Retaining the key staff: Facing the difficulties

Despite high unemployment, employers across all sectors are struggling to recruit and retain the people they need. And the biggest rise in recruitment difficulties has been seen in the public sector, where 82 per cent have experienced problems filling vacancies, compared with sixty six percent last year. Those are the findings from Chartered Institute of Personnel and Development /Hays latest Resourcing and talent planning survey, launched this month. With over 500 responses (92 from the public sector) the survey provides valuable insight into the issues facing senior managers, line managers and HR as they grapple with resourcing challenges in a cost cutting environment.

Attracting the skills you need
With so many organisations reporting recruitment difficulties at a time of high unemployment, clearly there is a mismatch between the skills available in the market place and those employers are managing to access. CIPD’s data relating to the public sector reveals that the recruitment of managers and senior level staff within the public sector is a particular problem. 38 per cent surveyed reported that it was especially hard to fill vacancies at manager and specialist levels and a further 19 per cent reported problems with finding candidates for senior manager and director level roles. Pay freezes coupled with a perceived reduction in benefits as a consequence of pension reforms may be responsible, as one in four cited pay as one of the reasons for their difficulties.

There’s evidence from CIPD’s survey research that employers need to think about the current image of the public sector and how they can allay the concerns of would-be applicants. At a time when cost cutting measures are making headlines, the public sector was also almost three times more likely (24 per cent compared to 9 per cent) than private sector services to report that the image of the sector/occupation/organisation was a problem in terms of attracting new recruits.

Maintaining engagement
 and trust
In the current economic climate, and in the context of reduced budgets and reforms, it is vital employers in the public sector engage their employees so they understand and are motivated to deliver organisational priorities. At a time when many organisations are required to change and re-organise, senior leaders need to make sure they invest time and effort in bringing their employees with them on their journey. The importance of maintaining the trust of employees during challenging times is highlighted in CIPD’s report Where has all the trust gone? published in March 2012.  The report features case study examples from the public sector including Sunderland City Council and the Department for Business, Innovation and Skills.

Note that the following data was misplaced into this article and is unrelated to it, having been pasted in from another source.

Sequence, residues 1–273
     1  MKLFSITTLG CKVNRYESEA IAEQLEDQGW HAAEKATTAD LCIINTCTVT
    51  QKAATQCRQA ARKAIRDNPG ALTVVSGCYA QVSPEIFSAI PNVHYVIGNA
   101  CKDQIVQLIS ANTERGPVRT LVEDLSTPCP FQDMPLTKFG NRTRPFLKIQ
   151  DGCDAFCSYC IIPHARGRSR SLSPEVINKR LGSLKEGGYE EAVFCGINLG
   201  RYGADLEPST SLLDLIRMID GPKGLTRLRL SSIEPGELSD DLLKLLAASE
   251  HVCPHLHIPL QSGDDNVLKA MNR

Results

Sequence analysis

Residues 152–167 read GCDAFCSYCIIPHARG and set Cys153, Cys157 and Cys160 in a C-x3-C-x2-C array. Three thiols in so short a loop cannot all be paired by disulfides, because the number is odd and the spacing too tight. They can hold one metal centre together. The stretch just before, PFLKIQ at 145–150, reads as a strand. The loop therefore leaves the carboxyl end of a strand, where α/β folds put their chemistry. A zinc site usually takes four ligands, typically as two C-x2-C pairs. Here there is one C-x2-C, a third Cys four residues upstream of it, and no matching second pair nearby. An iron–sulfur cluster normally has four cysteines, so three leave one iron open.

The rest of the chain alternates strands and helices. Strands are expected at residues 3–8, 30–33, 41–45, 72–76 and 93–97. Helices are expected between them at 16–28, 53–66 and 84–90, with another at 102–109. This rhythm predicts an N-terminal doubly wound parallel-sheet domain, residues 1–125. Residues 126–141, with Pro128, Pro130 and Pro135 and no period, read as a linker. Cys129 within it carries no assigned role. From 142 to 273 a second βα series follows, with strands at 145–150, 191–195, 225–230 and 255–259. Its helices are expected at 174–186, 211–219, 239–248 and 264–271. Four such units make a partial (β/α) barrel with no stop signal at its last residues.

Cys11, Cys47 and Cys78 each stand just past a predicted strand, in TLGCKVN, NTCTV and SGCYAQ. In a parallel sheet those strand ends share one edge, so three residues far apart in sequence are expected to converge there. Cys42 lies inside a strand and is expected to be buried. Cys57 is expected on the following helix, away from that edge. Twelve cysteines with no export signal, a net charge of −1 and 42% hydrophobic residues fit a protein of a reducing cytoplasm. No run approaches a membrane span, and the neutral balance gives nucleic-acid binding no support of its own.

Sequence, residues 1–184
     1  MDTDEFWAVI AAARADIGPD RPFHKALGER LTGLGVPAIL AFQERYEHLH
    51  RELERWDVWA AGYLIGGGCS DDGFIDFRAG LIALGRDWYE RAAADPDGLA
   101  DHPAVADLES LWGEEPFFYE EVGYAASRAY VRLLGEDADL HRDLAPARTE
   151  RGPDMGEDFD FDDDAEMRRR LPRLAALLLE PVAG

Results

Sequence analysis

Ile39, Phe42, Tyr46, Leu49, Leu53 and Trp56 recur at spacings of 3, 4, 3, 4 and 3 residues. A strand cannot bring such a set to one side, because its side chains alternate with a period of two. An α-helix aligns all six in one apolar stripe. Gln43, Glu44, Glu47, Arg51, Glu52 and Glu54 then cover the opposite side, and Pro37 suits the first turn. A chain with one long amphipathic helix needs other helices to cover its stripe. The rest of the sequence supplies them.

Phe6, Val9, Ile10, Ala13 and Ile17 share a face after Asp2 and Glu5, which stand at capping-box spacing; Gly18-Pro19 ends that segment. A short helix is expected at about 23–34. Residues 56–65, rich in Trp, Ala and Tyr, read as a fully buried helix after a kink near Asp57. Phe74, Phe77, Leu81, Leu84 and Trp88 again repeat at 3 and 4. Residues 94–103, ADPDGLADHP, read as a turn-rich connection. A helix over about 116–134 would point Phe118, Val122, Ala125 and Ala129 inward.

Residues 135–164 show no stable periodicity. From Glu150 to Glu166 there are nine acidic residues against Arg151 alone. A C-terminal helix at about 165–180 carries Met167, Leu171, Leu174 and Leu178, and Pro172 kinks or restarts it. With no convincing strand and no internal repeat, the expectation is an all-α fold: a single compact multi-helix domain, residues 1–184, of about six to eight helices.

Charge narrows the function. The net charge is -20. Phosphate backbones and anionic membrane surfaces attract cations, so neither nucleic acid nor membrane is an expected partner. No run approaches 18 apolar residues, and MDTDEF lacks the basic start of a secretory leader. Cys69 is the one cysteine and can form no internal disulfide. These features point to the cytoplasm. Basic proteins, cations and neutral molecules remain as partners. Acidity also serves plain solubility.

The Resourcing and talent planning survey underlines the need for public sector managers to take seriously the issue of employee retention – and what keeps people working for their organisation. The survey indicates a particular increase in retention challenges for the sector. However, at the same time public sector organisations were twice as likely not to have taken any steps to address retention compared with the private or not-for-profit sectors.

The most effective retention methods used in 2011, according to the survey research, were increased learning and development opportunities, improved line manager people skills and improved employee involvement.

Delivering future priorities
Finally the survey rings some important warning bells about future skills and capability of public sector workforces (at a time when many employers are making headcount reductions and risk losing valuable experience). In a context of reduced budgets and the requirement that in future services will be delivered in a very different way – it’s essential that talent management and development is not neglected. The survey reveals the public sector is currently less likely than others to continue develop more talent in-house or to invest more time and effort in recruiting quality candidates.

Encouragingly the survey does show a strong preference for ‘reducing headcount but preserving key talent’ (thirty seven percent of public sector respondents in 2012) compared to ‘reducing headcount and losing key talent’ (seventeen percent). Continued focus on talent management is needed now more than ever, as talented and experienced individuals are required at senior levels of public sector organisation to help steer them through times of change.

Further information
The 2012 Resourcing and talent planning survey report, produced in partnership with Hays, examines organisations’ resourcing and talent planning strategies and practices, and the key challenges and issues they face. To view the 2012 report click here